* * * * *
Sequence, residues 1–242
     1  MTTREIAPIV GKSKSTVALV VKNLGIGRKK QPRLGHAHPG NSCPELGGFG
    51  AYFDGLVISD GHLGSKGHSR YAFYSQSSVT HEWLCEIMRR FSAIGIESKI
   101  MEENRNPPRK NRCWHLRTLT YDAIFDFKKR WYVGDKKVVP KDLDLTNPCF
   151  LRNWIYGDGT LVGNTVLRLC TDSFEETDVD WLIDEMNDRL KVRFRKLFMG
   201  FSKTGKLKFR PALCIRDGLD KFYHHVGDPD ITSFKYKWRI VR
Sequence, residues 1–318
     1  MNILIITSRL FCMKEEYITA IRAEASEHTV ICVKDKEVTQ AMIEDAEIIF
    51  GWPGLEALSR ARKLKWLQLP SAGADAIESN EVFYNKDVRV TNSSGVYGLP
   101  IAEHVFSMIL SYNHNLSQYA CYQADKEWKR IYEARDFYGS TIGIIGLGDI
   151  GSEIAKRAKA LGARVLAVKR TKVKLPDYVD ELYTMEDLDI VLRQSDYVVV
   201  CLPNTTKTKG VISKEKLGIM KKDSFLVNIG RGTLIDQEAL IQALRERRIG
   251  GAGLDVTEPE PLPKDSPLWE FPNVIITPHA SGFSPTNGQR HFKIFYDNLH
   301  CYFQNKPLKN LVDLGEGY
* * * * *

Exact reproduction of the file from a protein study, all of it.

Sequence, residues 1–242
     1  MTTREIAPIV GKSKSTVALV VKNLGIGRKK QPRLGHAHPG NSCPELGGFG
    51  AYFDGLVISD GHLGSKGHSR YAFYSQSSVT HEWLCEIMRR FSAIGIESKI
   101  MEENRNPPRK NRCWHLRTLT YDAIFDFKKR WYVGDKKVVP KDLDLTNPCF
   151  LRNWIYGDGT LVGNTVLRLC TDSFEETDVD WLIDEMNDRL KVRFRKLFMG
   201  FSKTGKLKFR PALCIRDGLD KFYHHVGDPD ITSFKYKWRI VR
Sequence, residues 1–318
     1  MNILIITSRL FCMKEEYITA IRAEASEHTV ICVKDKEVTQ AMIEDAEIIF
    51  GWPGLEALSR ARKLKWLQLP SAGADAIESN EVFYNKDVRV TNSSGVYGLP
   101  IAEHVFSMIL SYNHNLSQYA CYQADKEWKR IYEARDFYGS TIGIIGLGDI
   151  GSEIAKRAKA LGARVLAVKR TKVKLPDYVD ELYTMEDLDI VLRQSDYVVV
   201  CLPNTTKTKG VISKEKLGIM KKDSFLVNIG RGTLIDQEAL IQALRERRIG
   251  GAGLDVTEPE PLPKDSPLWE FPNVIITPHA SGFSPTNGQR HFKIFYDNLH
   301  CYFQNKPLKN LVDLGEGY